It’s a topic that our panel of radicals — Old Salem’s Frank Vagnone (co-author of The Anarchists’ Guide to Historic House Museums), the American Association of State and Local History’s Bob Beatty, the Rhode Island Historical Society’s Morgan Grefe, History Communicator extraordinaire Kevin Levin, and myself, with a special appearance by Plimoth Plantation’s Tom Begley — were eager to tackle, perhaps because, for all of our claims to radicalism, and record of causing trouble in the museum world in several time zones, we were uniform, even resolute, in response: to channel Faulkner’s fictional attorney Gavin Stevens in Requiem for a Nun, “The past is never dead. It isn’t even past.”  In other words, history — especially a public history that actively seeks to connect the past to the present in ways that shape the future, and a preservation ethos that rehabilitates stories as much as buildings — is alive and well, even amongst Millennials.  As one of the panelists pointed out, just follow the money.  Lin-Manuel Miranda and his Hamilton: The Musical wouldn’t have reached their current astronomical heights of popularity if history is dead.  “Hidden Figures” and “Hacksaw Ridge” wouldn’t have been nominated for Best Picture Academy Awards, and grossed a combined $219 million at the box office, if history is dead.

More to the point is the evidence provided by the institutions that appear to be at greatest risk if history was headed to the morgue.  Closer to home, the mansions managed by the Preservation Society of Newport County reported welcoming an astonishing one million guests last year.  Plimoth Plantation — a prime candidate for extreme unction if there was one, with its dozens of costumed interpreters, a complex narrative that blends religion, Native Americans, and a core of Protestant extremists, and a 90-minute drive from the nearest metro area — is not only holding onto its historical audiences, it’s growing new ones, while maintaining a respectable balance sheet for donors and trustees.

So what’s the deal? Why are some sites losing guests and dollars, jettisoning boatloads of human capital in the process, while seemingly similarly situated ones are looking forward to a sustainable future?  In the end, we concluded that the issue isn’t about history being dead, it’s about history being deadly boring.  From Hamilton to Plimoth, success clearly appears to lie in a consistently strong yet diverse helping of mission-driven historical programming designed to educate and entertain, connecting audiences — even Millennials — in ways that are natural, that taste and feel real because they are.  But that requires a level of deep immersion in a historical past that draws heavily on academic resources of all kinds in order to get the details right, even the ones guests don’t see.  The important thing is the scope and nature of a 360-degree guest experience, one that’s not bland or artificial, and than can carry the serious ideas and conflicts that are going on in the heads of Americans and other visitors, regardless of marketing demographic, if for no other reason than because that is the only way through them. Immersive public history doesn’t work unless the past we present gets at the big stuff.  As my experience from Disney to Colonial Williamsburg consistently reminds me, engagement doesn’t work unless it gets at the core of a human condition that wrestles with the challenges we continue to face, whether over race, religion, gender identity, or other distinctions that artificially divide history into one that’s yours and one that’s mine.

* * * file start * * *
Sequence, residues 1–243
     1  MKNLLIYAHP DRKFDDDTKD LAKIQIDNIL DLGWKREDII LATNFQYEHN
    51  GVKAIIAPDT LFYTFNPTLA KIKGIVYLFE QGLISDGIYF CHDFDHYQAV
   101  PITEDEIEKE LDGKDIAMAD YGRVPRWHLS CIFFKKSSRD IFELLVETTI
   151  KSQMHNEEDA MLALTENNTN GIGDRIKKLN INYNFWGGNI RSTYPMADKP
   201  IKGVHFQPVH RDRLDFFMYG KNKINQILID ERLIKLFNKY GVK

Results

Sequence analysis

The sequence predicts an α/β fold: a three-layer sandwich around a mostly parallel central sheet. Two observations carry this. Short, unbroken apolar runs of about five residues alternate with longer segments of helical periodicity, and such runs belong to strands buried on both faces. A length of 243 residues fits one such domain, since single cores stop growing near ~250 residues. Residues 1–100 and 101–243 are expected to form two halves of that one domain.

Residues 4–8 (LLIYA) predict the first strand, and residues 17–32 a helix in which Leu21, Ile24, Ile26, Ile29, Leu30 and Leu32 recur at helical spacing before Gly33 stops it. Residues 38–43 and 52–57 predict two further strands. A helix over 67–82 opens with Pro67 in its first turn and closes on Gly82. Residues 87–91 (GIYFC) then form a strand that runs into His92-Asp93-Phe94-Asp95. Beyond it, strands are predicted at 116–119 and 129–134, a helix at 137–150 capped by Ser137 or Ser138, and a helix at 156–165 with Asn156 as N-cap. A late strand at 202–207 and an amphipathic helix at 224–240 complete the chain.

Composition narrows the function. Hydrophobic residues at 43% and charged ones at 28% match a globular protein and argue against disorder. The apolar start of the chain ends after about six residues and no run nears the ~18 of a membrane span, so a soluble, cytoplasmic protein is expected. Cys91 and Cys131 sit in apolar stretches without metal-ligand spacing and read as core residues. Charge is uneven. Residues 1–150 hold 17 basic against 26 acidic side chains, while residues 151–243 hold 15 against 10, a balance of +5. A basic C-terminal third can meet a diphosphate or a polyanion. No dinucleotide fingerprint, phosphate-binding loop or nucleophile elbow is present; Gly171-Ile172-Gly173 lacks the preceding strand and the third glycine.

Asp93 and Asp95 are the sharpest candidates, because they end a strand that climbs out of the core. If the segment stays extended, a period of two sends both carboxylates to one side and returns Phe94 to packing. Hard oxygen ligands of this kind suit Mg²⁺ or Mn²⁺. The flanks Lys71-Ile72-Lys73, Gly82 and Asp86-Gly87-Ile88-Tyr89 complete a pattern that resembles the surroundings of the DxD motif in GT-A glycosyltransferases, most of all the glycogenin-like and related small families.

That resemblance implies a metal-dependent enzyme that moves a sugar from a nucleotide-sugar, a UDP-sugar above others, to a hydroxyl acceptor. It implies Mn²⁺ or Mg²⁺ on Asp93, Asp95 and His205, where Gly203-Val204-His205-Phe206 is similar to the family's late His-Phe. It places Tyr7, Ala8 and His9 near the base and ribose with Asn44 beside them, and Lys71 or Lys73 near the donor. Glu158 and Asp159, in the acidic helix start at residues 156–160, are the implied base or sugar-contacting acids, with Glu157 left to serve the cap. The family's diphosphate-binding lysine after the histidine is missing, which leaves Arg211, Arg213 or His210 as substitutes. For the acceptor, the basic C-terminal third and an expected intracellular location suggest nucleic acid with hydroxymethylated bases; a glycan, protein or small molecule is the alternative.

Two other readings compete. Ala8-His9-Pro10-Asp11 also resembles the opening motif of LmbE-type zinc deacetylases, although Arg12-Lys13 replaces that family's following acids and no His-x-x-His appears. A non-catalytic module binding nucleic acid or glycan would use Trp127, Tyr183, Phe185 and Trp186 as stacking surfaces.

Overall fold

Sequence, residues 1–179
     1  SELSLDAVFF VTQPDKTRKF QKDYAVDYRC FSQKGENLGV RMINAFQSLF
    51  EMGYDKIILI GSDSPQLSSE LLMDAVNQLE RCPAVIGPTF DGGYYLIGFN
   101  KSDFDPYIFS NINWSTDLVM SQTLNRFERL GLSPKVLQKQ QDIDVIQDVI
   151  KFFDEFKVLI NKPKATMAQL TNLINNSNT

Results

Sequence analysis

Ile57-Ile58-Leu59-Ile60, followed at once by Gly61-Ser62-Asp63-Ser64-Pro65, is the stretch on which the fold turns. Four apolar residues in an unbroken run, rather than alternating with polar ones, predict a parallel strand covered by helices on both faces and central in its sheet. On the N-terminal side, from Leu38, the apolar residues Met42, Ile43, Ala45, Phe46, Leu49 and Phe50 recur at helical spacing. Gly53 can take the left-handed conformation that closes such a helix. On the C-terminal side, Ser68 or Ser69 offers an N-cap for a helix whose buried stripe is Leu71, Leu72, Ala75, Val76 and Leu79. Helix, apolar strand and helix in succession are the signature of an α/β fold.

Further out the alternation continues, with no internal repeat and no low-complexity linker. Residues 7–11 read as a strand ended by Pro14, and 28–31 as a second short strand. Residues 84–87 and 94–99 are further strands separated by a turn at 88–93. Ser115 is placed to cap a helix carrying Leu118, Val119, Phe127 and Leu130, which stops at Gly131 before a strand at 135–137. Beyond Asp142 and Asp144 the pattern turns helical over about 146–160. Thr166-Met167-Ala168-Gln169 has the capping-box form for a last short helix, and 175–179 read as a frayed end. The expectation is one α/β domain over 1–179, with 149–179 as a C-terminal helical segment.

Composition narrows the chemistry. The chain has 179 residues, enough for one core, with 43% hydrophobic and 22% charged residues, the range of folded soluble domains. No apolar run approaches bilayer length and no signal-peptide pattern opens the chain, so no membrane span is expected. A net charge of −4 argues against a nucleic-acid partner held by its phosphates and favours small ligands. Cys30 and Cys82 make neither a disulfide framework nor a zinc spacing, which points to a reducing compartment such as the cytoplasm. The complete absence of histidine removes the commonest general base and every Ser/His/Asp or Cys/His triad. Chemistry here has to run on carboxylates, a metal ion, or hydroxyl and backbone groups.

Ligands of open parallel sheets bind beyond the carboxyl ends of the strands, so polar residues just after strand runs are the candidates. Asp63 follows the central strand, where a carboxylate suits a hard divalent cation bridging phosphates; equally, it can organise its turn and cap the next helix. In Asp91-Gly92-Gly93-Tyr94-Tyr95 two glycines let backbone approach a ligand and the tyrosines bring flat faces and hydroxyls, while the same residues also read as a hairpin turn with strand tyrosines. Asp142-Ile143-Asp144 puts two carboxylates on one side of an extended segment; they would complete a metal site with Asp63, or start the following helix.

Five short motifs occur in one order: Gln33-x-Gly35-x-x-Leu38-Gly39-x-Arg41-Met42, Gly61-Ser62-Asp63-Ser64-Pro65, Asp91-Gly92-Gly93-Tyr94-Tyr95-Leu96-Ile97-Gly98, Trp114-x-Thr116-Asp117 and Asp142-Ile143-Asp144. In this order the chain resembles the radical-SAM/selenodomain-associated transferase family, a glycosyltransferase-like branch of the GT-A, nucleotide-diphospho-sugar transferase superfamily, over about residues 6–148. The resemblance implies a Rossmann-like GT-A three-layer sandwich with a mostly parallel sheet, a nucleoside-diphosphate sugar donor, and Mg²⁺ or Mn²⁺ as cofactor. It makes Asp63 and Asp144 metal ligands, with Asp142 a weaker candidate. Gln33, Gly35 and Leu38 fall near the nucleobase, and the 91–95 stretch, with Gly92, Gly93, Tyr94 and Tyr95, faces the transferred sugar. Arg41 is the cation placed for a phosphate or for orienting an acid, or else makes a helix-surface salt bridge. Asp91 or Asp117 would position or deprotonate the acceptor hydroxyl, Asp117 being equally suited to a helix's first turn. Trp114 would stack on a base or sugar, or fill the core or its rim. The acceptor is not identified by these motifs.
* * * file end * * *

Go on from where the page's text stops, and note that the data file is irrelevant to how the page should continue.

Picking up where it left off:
But it can’t be fantasy.  That line can’t be crossed, even if, in the end, all we are really trying to do is tell a story and draw others into its pages.  Do that and, as we radicals discussed during and beyond the panel, your site will not just lose money, it will lose much more — it will lose credibility, which, for a heritage site, is the ball game.  Entertaining, provocative programming will convince your guests to come back to your site, but your reputation is what will get them there in the first place.

So Faulkner’s over-quoted phrase can continue to have real meaning for us as public historians, who see the past as vibrant and alive, with an important role to play in our daily lives, as it swirls all around us.  Because, in the final analysis of the Newport radicals, people don’t hate history, they just hate history done badly by people who don’t seem to care much about it.

Dr. Taylor Stoermer, Visiting Curator of Public History at the Newport Historical Society, Faculty Fellow and Adjunct Professor at Roger Williams University, and author of the forthcoming Public History: A Field Guide (Rowman and Littlefield).